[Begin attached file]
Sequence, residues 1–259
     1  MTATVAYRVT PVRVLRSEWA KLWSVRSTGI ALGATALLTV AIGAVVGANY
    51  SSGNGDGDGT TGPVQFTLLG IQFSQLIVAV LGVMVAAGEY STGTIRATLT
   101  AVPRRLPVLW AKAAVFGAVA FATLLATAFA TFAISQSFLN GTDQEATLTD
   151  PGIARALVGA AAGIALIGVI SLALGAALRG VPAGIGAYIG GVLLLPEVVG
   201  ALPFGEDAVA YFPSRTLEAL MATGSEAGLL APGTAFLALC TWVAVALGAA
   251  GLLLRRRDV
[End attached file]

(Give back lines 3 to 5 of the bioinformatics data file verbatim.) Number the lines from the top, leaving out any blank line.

    51  SSGNGDGDGT TGPVQFTLLG IQFSQLIVAV LGVMVAAGEY STGTIRATLT
   101  AVPRRLPVLW AKAAVFGAVA FATLLATAFA TFAISQSFLN GTDQEATLTD
   151  PGIARALVGA AAGIALIGVI SLALGAALRG VPAGIGAYIG GVLLLPEVVG